This technology is a major and proven development in baggage handling, optimising energy efficiency and lowering operating costs. For more than a decade it has represented a benchmark for sustainable development by reducing energy consumption and carbon dioxide emissions at many airports around the world, supporting their desire to be – and to be seen to be – green.
Minimising energy consumption
As mentioned, in addition to an intelligent control system, the other essential ingredient of an energy efficient baggage handling system is low-power hardware.
Linear motors generate their propulsive force from electromagnetic energy, without any mechanical friction between moving parts, as in a regular DC electric motor. This has a dramatic effect in reducing energy consumption and noise while increasing speed and reliability. The two most common types in general use are linear induction motors (LIMs) and linear synchronous motors (LSMs), with the difference between them lying in the way they produce their electromotive forces. Conventional tilt-tray systems typically use LIMs, which use electromagnets to create the magnetic fields that push the cart along the track. This technology has been widely adopted because it provides a fast and efficient method of propulsion that is durable and highly controllable.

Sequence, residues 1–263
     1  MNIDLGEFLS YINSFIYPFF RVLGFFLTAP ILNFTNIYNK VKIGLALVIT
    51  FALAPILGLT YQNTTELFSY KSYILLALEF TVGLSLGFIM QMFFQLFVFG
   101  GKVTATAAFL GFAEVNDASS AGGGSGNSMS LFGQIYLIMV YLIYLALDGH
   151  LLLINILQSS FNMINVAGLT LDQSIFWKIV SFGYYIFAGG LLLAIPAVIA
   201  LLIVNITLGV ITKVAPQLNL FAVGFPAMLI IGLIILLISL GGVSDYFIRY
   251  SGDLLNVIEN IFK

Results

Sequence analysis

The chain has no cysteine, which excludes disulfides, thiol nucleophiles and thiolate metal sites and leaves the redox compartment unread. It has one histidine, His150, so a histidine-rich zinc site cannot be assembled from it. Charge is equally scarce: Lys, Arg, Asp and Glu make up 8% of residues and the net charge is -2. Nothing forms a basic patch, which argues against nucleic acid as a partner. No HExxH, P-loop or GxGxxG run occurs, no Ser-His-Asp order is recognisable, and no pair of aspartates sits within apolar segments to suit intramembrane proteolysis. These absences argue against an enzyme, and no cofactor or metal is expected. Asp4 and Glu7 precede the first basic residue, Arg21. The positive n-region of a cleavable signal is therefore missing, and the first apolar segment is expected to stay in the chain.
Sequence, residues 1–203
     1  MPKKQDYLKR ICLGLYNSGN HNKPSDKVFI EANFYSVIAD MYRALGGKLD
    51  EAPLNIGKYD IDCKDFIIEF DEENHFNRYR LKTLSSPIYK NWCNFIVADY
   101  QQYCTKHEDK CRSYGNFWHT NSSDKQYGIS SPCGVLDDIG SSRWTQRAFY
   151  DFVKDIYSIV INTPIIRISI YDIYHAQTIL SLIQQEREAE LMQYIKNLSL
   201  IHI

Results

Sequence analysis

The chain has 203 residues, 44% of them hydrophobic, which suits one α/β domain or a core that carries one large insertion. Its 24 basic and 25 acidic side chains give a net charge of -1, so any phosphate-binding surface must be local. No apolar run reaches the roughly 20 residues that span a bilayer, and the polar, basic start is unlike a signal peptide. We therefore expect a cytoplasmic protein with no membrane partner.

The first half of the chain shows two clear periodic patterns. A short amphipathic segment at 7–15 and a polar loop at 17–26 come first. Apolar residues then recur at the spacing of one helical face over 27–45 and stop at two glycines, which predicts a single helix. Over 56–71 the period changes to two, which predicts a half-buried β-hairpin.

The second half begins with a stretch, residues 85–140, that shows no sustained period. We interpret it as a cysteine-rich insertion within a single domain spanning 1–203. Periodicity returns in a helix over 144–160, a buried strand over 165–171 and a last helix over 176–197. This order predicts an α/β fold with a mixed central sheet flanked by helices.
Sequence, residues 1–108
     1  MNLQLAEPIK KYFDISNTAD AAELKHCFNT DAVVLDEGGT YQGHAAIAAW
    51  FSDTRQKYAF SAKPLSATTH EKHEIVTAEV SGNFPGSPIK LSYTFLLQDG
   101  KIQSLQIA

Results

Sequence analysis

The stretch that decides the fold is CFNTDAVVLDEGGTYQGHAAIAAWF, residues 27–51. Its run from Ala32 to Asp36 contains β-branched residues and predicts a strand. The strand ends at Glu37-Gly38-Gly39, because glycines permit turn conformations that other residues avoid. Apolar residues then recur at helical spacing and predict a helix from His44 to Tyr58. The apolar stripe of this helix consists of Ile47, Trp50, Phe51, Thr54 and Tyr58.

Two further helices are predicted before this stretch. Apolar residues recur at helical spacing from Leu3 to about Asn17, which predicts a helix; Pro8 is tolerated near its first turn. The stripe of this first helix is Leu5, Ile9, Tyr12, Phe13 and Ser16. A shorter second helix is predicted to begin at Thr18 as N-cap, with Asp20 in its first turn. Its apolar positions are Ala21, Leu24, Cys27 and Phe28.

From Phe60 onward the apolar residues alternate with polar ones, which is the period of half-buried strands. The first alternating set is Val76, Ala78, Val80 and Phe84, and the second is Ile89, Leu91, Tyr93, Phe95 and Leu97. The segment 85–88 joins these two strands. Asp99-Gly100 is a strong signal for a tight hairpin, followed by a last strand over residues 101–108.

LSMs, on the other hand, have the benefit of being far more efficient at converting electrical energy into thrust, and this efficiency is relatively unaffected by the speed of travel. A second advantage has to do with thermal efficiency. In an LSM, where the field on the moving element is usually provided by permanent magnets, almost no currents are induced and hence very little heating occurs. This thermal efficiency makes the LSM cheaper to run.